Low cost apprenticeships pay dividends for IT firm

Nick West, Director at Brace IT, based in Flackwell Heath near High Wycombe, signed up to attend a ‘Talent Tuesday’ event run by Buckinghamshire Business First and Opps in Bucks that brought together business owners and young people thinking of beginning an apprenticeship.

“The Talent Tuesday events are great because they educate and create opportunities for young people,” says Nick. “From my perspective, not only can I find an apprentice for the business, but I can impart advice to young people to guide them in the next phase of their lives.”

When Nick arrived at the event, he was pleasantly surprised to see that one young man had arrived early and was attending the event specifically to see him: “I got to talk to many young people to see if they would be a good fit for us, but to see that one young man be so clear about what he wanted was an encouraging sign that the event would not just be a one way street, and that the young people were serious about being there.”

"Ensure they feel like part of the team"

Brace IT has a small team that currently includes three apprentices, meaning they rely a good deal on training their apprentices to perform to a high standard. “When you have multiple apprentices on a small team, they can learn together as a group and develop a healthy rivalry to push each other on,” says Nick. “At a small business like ours they really have to step up and perform as there is no place to hide, unlike in a large business where they can sometimes get lost. We don’t let them hide either. They don't do the old fashioned apprentice jobs like making the tea and filing papers away, they do the same things full-time employees do. We respect them, treat them as equals, and ensure they feel like part of the team.”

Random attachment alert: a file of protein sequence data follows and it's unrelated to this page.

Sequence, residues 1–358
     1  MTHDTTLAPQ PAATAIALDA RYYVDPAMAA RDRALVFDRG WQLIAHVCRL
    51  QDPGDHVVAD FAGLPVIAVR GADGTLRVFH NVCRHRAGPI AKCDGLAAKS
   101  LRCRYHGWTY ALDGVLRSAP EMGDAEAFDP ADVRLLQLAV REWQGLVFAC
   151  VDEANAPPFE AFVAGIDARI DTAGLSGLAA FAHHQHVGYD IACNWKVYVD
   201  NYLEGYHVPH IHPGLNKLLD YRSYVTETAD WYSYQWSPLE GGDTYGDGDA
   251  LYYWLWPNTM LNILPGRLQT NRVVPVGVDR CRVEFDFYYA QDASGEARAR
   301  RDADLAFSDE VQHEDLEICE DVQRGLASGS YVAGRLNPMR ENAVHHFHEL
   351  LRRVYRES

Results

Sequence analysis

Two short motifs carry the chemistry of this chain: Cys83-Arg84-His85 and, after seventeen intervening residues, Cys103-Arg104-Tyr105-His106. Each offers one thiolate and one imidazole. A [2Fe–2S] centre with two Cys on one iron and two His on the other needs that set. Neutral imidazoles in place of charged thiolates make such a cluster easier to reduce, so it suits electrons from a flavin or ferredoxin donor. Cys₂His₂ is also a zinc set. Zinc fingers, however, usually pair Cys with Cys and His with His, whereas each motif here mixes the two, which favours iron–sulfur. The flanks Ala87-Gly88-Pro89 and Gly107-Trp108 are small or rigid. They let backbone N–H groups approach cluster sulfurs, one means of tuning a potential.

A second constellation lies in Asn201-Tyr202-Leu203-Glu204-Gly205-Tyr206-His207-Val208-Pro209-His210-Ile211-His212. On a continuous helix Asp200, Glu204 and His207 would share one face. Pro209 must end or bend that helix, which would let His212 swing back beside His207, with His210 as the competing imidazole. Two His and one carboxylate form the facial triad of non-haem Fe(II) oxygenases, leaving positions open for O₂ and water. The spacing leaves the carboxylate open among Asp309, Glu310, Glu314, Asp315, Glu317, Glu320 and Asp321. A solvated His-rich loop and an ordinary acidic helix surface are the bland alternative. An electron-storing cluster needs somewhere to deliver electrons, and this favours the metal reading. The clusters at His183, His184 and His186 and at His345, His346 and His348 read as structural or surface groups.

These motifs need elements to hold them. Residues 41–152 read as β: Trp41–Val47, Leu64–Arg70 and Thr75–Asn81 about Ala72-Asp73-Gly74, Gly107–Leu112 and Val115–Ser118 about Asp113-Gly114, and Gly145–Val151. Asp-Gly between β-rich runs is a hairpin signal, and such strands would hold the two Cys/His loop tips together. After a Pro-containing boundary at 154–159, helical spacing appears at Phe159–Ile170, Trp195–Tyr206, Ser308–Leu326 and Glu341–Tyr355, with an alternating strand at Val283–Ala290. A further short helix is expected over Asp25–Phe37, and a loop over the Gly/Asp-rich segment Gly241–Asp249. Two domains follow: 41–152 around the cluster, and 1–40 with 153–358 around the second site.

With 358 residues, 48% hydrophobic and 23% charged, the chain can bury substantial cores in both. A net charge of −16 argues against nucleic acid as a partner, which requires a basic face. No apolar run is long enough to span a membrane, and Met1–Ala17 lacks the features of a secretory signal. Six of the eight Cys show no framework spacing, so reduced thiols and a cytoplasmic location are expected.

Small businesses can not always make a commitment to hire full time staff because of financial restraints, and with this in mind Nick sees the introduction of the Apprenticeship Levy and the new method of paying for apprenticeship training as a boost for businesses. The Levy, introduced in April 2017, means that companies with a payroll above £3million will pay 0.5% of their payroll into a pot to pay for training apprentices. Those who don’t pay the Levy – that is, most employers - will pay just 10% of the total cost of an apprenticeship, with the government paying the other 90%.

Financial support for apprenticeships "very welcome"

“The government has provided great incentives to businesses to hire young people as apprentices, like paying for the vast majority of the training itself and offering grants for those taking on 16-18 year olds,” explains Nick. “We have to work to a budget so the fact that we can receive financial support to take on an apprentice is very welcome.”

What’s more, employers with fewer than 50 employees will have 100% of the training and assessment costs covered by the government when they train a 16-18 year old, further reducing the financial impact of taking on a particularly young apprentice.

Because of this financial support, Nick says he has “found apprenticeships to be a low cost way of adding strength to our team and we have incorporated them into our growth strategy. In some respects an apprenticeship is like an extended year long job interview where you can see how the person matures, learns and respects you, before you make the commitment to take them on full-time.”